Mr. PLATT: I came back because I needed some time out. The conference I had attended had quickly degenerated into opposing camps with no common ground. It had left me with a bitter taste. One well known writer, hackles raised, even accused me of being a Holocaust minimizer when I called for the comparative study of genocide. You'd think there were enough human made tragedies to go around without having to fence them off against interlopers.

This manicure was a spur of the moment decision to which I seem to be more open these days despite my genetic propensity for over planning. My hands felt rough and scaly from the sharp spring winds and for a few bucks and a little time I could relax and have a moment of intimacy, no strings attached.

When I sat down in the salon's comfy chair, my manicurist introduced herself, but I wasn't really paying attention. After I left an hour later, I couldn't get her out of my head. I did some googling on the internet, and discovered that her name evokes a feminist heroine of the Old Testament who vanquished an enemy of the Israelites. She put her left hand to the nail, it says in the book of Judges, and her right hand to the workman's hammer and she smote off his head. Here in New Baltimore the assassin's namesake took my hands gently into hers.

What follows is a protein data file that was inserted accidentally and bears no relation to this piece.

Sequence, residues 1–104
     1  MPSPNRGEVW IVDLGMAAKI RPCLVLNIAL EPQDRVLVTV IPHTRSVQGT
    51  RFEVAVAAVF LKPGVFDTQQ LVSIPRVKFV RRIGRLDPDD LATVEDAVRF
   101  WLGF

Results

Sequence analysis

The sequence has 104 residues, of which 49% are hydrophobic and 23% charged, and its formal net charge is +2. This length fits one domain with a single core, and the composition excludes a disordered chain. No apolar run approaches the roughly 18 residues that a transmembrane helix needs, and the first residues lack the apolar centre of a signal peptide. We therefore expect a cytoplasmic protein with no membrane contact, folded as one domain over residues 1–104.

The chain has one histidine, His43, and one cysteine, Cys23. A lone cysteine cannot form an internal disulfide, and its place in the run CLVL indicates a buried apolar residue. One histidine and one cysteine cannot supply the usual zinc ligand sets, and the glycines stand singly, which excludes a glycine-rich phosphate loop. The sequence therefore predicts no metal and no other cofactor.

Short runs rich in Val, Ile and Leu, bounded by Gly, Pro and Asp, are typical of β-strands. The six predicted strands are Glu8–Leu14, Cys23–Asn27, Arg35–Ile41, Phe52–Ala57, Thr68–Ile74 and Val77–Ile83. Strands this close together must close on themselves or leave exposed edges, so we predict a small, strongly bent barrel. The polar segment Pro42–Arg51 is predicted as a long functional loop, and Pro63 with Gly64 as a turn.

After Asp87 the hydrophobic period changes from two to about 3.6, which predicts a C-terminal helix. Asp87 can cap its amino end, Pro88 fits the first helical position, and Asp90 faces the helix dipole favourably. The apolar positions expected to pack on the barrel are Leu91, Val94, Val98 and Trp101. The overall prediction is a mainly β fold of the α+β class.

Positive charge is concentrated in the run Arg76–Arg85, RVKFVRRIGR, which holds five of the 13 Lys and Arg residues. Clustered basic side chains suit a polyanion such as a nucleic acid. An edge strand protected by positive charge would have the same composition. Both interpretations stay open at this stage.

Ms. FREEDMAN: And we just started talking. I always have conversations with my clients, more personal for them just so I can get a feel of who they are and the type of life that they live, where they come from. I feel like when someone is touching you, that's intimate. And I feel like it's also a sense of trust. And I feel like I want the client to just feel very, very comfortable with me, so hopefully they'll make another appointment and come back.